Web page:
[4.2.1] Claim 1 of the application leading to decision T 1121/02 was directed to an elongate fencing element having along its surface contrasting markings resembling the warning pattern of an animal (e.g. a bee) which acted as a deterrent to another animal (e.g. a horse or cow). The then deciding board found that the contrasting markings were not technical features, as the explanation provided in the application for the deterring effect was only a theory (the animals had a built-in instinct which warned them that other creatures bearing dark and light colouring were harmful and should be avoided), although it provisionally accepted that the markings had an effect on the animal seeing them. The contrasting markings therefore did not contribute to the solution of any technical problem by providing a technical effect and hence had no significance when assessing inventive step (Summary of facts and submissions, points V and VII).

[4.2.2] The present board is aware of the difficulty of assessing whether or not a feature contributes to the technical character of a claim. It agrees, however, with the approach followed in decision T 258/03 [4.6] that even a so familiar activity such as the act of writing using pen and paper has technical character. Applying the same approach to the medium of claim 1, the board finds that the feature of modifying the edge of an icon with alternate dark and light stripes has technical character and should be considered when assessing inventive step.

[4.2.3] The board is further of the view that the test “happens in the brain of the viewer”, invoked by the ED, is not useful for deciding whether a feature contributes to the technical character of a claim or not. Inventions such as the cinematograph are based on an effect which only “happens in the brain of the viewer”, namely that the projection of a rapid succession of still images on a screen creates the illusion of fluent motion. Although the illusion of perceiving a real action is only created in the viewer’s brain, nobody would seriously contest that the cinematograph is an invention based on technical features. It may be argued that the apparatus of the cinematograph comprises technical elements with the ultimate purpose to create the illusion of motion in the viewer’s brain. However, in the present case the dark and light stripes are also technical elements which contribute to creating the three-dimensional illusion.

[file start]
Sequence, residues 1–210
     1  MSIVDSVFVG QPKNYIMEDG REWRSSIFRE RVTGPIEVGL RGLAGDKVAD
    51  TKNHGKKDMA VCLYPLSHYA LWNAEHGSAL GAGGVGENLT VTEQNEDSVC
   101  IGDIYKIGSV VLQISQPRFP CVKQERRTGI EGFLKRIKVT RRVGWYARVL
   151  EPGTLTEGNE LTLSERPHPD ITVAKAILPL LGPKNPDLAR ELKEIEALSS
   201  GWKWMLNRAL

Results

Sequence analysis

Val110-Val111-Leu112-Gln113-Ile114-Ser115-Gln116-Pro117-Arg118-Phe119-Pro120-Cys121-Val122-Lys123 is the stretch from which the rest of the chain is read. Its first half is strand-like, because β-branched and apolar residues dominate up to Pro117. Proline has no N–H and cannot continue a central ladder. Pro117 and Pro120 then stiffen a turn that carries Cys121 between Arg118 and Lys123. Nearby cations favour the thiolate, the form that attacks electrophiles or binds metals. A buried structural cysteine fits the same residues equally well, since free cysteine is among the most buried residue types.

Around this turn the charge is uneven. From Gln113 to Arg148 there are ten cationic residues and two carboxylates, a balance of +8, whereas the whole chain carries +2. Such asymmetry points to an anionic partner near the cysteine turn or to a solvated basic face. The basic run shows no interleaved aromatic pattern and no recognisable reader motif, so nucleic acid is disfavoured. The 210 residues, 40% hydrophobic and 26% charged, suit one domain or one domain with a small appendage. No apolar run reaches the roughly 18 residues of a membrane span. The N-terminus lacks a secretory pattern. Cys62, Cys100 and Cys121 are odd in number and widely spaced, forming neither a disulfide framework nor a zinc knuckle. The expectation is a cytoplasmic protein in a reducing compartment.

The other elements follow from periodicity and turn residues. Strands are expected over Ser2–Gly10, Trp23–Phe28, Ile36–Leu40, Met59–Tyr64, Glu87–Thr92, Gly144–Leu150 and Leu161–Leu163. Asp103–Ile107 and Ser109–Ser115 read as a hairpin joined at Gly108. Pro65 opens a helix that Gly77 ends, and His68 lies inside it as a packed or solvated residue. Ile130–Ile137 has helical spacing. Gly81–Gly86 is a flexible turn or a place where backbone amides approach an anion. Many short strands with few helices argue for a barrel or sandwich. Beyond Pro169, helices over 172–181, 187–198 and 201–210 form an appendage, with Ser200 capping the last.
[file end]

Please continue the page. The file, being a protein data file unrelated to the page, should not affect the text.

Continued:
[4.3] For these reasons, the board considers that the features of the characterizing portion of claim 1 have technical character and should be considered when assessing inventive step.

To read the whole decision, click here.

4 comments:

Anonymous said...

Point 4.2.3 of this decision reminds me of this comment on the IPKat blog. (And this comment is mine.)

Imho, point 4.2.2 of this decision misses the point. T 258/03 indeed states that the act of writing using pen and paper has technical character, but clearly that does not mean that WHAT is written contributes to the technical character as well. Similarly, the use of a mobile phone display to display alternate dark and light stripes has technical character, but that does not mean that the displayed pattern itself has technical character. In this case, the pattern is technical only if the creation of the 3d optical illusion is considered technical.

Personally, I have serious doubts that optical illusions like this one should be considered technical. Have a look at the drawings of this application. Are those the work of an engineer or of an artist?

Oliver G. Randl said...

Thanks for the links. I was not aware of this discussion on IPKat.

Anonymous said...

@Anon:

In your IPKAT comment you wrote
"One would almost get the impression that the Board reads this blog."

Have you ever considered the possibility that the board may also post comments in the blog? :-)

Anonymous said...

You believe the IPKat comment made on 05.05.2009 might be by the same person that wrote the Board's communication in the above case issued on 11.05.2009? :-)